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Articles Posted in Domestic Violence

As I’ve blogged about recently, one very sad and troubling side-effect of the COVID-19 crisis, has been an increase in domestic violence.  As a Massachusetts domestic violence lawyer, I’ve seen this spike correlate with COVID-19.  It comes as no surprise:  People are under enormous psychological and financial pressure.   Kids are stuck at home, doubtless escalating those demands and pressure.  Even without kids to care for, couples feeling the prolonged stress can act it out in ways they would not have foreseen.  People are human.  And as I’ve said before, throw alcohol into the equation, and things can get out of control very, very quickly.  I’m posting this so that my readers can get a better idea of what constitutes “domestic violence” in Massachusetts, and what resources people can turn to if they feel it affects them, either as a victim or as someone who has been accused or arrested for this offense.

“Abuse” can be a wide-ranging term, but generally:

  • Physical abuse obviously includes hitting, punching, slapping, kicking, or attempting to strangle someone. In what might surprise some people, it can also include driving very recklessly for the purpose of intimidating a spouse, partner or family member.

A lot of consequences of the quarantine measures and stay-at-home orders flowing from the COVID-19 pandemic predictable were predictable:  Economic harm, educational impacts, hoarding at stores, transportation problems, etc.  But as a Massachusetts domestic violence lawyer, I can assure you that an even more disturbing impact awaited in this environment:  Domestic violence.  And it’s not surprising.  The number of phone calls I am getting from clients and potential clients that have been impacted by this not-so-unnatural phenomenon, has been unsettling, to say the least.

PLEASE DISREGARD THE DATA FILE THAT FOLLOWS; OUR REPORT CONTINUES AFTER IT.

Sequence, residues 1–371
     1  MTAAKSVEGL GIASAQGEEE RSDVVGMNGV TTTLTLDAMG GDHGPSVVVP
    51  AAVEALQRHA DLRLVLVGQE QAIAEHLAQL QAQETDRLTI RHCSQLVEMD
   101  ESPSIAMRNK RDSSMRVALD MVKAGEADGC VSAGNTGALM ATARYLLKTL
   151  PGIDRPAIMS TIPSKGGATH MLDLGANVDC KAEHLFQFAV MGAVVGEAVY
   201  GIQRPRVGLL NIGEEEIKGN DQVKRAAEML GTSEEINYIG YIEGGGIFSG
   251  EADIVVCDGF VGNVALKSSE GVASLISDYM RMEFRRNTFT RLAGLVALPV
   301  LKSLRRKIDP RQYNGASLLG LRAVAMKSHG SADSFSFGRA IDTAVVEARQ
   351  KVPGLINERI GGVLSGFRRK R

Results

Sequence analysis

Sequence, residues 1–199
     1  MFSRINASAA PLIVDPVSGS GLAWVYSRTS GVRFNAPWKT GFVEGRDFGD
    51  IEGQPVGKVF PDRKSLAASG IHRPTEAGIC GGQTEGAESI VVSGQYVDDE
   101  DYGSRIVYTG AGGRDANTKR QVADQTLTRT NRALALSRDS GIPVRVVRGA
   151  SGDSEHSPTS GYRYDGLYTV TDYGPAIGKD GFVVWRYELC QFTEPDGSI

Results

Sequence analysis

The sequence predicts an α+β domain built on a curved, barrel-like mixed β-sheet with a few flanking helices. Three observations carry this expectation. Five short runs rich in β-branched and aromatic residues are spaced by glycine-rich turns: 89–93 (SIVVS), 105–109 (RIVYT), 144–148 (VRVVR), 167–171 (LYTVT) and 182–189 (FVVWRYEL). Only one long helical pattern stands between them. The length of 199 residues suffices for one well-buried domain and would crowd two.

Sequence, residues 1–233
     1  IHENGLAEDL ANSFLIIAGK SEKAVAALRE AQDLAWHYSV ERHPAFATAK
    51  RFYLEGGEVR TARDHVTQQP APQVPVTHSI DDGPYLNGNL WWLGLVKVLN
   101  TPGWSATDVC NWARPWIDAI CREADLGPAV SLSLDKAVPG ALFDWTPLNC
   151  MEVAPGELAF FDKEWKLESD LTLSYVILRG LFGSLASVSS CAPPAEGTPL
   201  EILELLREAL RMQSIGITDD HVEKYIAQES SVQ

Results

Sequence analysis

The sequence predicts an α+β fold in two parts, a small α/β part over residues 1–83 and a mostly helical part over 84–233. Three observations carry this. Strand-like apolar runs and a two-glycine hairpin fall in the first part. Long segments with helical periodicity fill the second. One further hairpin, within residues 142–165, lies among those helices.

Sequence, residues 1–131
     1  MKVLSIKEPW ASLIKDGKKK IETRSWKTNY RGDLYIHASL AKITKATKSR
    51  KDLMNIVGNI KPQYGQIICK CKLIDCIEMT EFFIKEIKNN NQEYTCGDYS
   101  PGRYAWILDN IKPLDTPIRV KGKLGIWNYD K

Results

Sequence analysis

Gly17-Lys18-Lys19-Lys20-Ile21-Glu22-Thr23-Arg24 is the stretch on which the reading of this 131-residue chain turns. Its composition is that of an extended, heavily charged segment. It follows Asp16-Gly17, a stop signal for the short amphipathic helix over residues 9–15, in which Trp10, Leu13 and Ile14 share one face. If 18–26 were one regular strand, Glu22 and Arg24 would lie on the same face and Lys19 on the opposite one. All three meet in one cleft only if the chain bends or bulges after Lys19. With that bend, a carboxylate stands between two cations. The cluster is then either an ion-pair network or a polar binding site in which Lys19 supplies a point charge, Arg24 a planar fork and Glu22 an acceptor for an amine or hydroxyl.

As I said, though, it’s not surprising:  Force people into their homes, limit their time outside, with almost no positive news but 24/7 broadcasts of the Apocalypse, doom and despair, and nerves are going to begin to fay.  Tempers are going to flare.  Frustrations are going to break through the surface.  Words are going to be exchanged.  Arguments are going to develop.  Add alcohol to this mix, and it’s downright combustible.  Notably, the Boston Globe recently published an editorial calling for all liquor stores in Massachusetts to be ordered closed until the current stay-at-home orders are lifted. Not a bad idea, in my professional view as a criminal defense lawyer.  All that it’s going to take is a phone call to the police from a next door neighbor or an apartment down the hall, and a series of very legally damaging events is going to take over, with very serious legal consequences.  You see, the subject of domestic violence is so much of a “hot button” issue, that no one in either law enforcement or the judicial system takes them lightly anymore.  Too many high-profile cases of domestic violence covered by the media have completely changed how police respond to these calls, and how District Attorneys’ offices and the courts deal with them. Continue reading

Readers of this blog know that I’ve written previously on the subject of whether coercing someone to commit suicide should formally be made a statutory crime in Massachusetts.  When they first learn about this issue, a lot of people are stunned to learn that in Massachusetts, it’s not, formally speaking a “law on the books”.  Well, it isn’t:  Massachusetts remains only one of only eight states that does not have a statutory law that explicitly criminalizes the coercion of suicide.